On 8 March 1956, just 65 years ago, Volkswagen opened its Hanover plant to produce its popular Kombi Van. From the T1 to the T6, more than 9 million Kombi Van have been produced within these walls. 

The year is 1955. James Dean symbolises a rebellious youth in Rebel Without a Cause while Peter Sellers and Alec Guinness were partners in Ladykillers. On the radio, Bill Haley rocks Around the Clock. The Volkswagen Beetle was the best-selling car of the year, passing the symbolic ceiling of one million units produced. The other flagship product of the German brand is the Combi. So much so that the Wolfsburg factory where it is built can no longer meet the demand. The vast majority of German cities are applying to host the new vehicle factory. With its position on the Mitteland canal linking the Rhine and Ems, the Weser and the Elbe, and the presence of a marshalling yard, Hanover won over Volkswagen’s management. Construction of the factory began in 1955. Thousands of workers were busy constructing the new building and a makeshift town was even built with offices, housing, etc. In describing the gigantic scale of the construction site, a journalist of the time pointed out that the quantity of wood used for the supports would have been “enough to build a one-metre wide bridge between Wolfsburg and Basel” (685 kilometres).  During the construction of the factory, Volkswagen began training 3,000 workers to ensure that production could start. A railway line was also inaugurated in February 1956 to connect the factory to Hanover.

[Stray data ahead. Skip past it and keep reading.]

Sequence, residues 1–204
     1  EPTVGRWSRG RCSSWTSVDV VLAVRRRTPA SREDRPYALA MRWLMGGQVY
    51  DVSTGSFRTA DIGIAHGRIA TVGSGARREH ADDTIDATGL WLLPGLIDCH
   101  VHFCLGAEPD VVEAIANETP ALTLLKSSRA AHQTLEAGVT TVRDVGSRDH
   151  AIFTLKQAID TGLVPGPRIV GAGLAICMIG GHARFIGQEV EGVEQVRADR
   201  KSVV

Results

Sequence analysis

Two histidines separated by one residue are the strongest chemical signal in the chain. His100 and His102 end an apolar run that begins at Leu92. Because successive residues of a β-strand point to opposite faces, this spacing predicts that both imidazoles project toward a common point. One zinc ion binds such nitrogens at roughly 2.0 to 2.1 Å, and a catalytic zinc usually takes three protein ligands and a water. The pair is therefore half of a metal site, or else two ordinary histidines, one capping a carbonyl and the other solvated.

Over 9 million vans in 65 years

Production started on 8 March 1956. Eleven years later, by the time the first generation of the Transporter came to an end, 1.8 million vans had been built in the Hanover plant. From the T1 to the T6.1, which it is currently producing, the Volkswagen Commercial Vehicles plant in Hanover has built 9,228,000 Combis. And the story isn’t over yet, as before the end of next year it will be producing the new Multivan and above all Volkswagen’s first 100% electric vehicle, the ID. Buzz (which we will tell you about shortly). The new generation Kombi is coming to Hanover. As the plant manager, Thomas Hahlbohm, points out: “Today, the plant is 65 years old, but it is not ready to retire. “The figures speak for themselves when it comes to the success of the Hanover site: 14,800 employees work on 1.1 million square metres (about 152 football stadiums!) and there are 3,000 bicycles in use!

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